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Hydrogen energy, wind turbines, and fancy new age materials.
What do those three things have in common? None of them were necessary for Charleston County to shave $350,000 off their electric bills over just four months.
The county enacted its "Energy Conservation Program" in March of 2009 and the biggest cost savers consisted of turning off lights when not in use, going easy on the thermostat, and many other things a smart consumer would do at home.
Here's all the details from an e-mailed release:
Charleston County Government implemented an ambitious, internal initiative called the Energy Conservation Program in March of 2009. With the downturn in the economy and projected increases in the cost of energy, the program aims to reduce the County's electricity consumption 10 percent by the end of fiscal year 2010 (July 1, 2009 - June 30, 2010) compared with fiscal year 2008.
The County measured its progress, and according to staff, a savings of $350,000 was realized throughout the remainder of fiscal year 2009, which ended on June 30, due to the new program.
"Our tracking system shows that we've made major progress in accomplishing our goal during the first few months of the program," said Dan Chandler, Director of Charleston County's Facilities Department. "We've not only stopped the upward trend in electricity use, but also used nearly 7 percent less kilowatt hours than the year before."
County staff reported the savings to Charleston County Council on August 6 in a written briefing known as a "blue sheet" that is used to update council members.
County Council member Joe McKeown responded to the report with an e-mail to County Administrator Allen O'Neal praising staff's efforts.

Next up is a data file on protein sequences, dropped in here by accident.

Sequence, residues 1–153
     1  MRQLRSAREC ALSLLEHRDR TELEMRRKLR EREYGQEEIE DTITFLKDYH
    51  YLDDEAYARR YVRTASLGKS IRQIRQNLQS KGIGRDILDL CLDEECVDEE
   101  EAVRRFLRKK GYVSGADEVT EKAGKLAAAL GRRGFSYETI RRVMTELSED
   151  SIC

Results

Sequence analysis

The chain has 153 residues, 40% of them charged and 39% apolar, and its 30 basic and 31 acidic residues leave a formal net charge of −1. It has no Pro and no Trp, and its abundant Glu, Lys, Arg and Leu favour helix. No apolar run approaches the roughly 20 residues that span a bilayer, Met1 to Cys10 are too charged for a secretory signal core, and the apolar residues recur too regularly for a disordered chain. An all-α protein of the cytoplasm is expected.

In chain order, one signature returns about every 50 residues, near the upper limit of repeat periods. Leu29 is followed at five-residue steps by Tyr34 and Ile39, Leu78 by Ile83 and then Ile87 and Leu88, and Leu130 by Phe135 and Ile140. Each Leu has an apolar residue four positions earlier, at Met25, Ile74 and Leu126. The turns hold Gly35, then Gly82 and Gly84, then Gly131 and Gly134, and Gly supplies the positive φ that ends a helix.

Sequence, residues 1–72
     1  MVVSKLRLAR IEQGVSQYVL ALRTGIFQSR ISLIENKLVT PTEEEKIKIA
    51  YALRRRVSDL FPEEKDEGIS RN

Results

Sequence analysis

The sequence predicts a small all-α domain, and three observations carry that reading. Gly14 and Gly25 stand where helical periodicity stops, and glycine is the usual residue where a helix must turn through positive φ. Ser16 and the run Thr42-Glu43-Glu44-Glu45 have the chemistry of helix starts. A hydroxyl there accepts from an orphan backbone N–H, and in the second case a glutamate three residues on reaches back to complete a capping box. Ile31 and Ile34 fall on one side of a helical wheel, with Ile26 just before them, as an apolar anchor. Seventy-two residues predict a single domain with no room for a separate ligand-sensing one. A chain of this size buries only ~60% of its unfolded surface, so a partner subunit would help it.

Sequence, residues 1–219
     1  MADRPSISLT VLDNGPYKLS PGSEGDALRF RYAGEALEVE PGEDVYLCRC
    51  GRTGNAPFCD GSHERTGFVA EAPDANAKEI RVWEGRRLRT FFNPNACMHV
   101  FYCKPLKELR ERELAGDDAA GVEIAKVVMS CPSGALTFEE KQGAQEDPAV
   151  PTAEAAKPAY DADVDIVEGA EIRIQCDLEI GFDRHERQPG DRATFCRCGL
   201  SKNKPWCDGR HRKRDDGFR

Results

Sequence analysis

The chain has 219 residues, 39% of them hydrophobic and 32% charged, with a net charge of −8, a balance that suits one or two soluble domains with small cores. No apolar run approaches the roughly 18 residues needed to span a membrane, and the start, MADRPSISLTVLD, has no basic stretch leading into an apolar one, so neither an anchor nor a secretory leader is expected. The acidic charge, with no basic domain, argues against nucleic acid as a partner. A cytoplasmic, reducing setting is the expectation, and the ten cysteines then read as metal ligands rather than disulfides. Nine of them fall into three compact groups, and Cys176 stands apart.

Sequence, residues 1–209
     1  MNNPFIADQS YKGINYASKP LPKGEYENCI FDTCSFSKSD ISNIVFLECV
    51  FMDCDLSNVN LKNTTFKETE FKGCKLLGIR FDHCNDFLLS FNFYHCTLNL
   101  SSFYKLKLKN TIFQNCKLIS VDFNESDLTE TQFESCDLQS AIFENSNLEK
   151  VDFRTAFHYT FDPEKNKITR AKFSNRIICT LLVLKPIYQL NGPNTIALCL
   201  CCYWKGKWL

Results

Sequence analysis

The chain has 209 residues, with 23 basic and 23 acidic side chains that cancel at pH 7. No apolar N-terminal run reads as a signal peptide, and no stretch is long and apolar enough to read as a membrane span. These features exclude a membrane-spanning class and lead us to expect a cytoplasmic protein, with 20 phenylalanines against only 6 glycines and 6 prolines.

"What is impressive about this campaign is that many of these things would have been easy to overlook," McKeown wrote. "This is a great example of our staff trying to make a difference."
Because of the program's success, the County is continuing with its initiatives during fiscal year 2010, which began on July 1, 2009, and staff is continuing to look for new ways to cut costs.
So far, some of the biggest cost savings measures have been:
· Ensuring that office lights and equipment are turned off in the evenings and when rooms are not in use.
· Setting temperatures in county buildings at a minimum cooling level of 74 degrees and a maximum heating level of 70 degrees.
· Turning off or reducing heating and cooling systems in all non-emergency and non-critical facilities during off hours.
· Replacing magnetic florescent ballast lighting with electronic ballast lighting as needed. This results in energy savings of 39 percent per fixture.
· Replacing incandescent light bulbs with compact florescent bulbs as they burn out; this results in an energy savings of approximately 35 percent per bulb replaced.
· Having over 400 Charleston County electrical bills reviewed, which revealed that three rate schedules could be changed to reduce energy costs. The new rates took effect on June 1, 2009.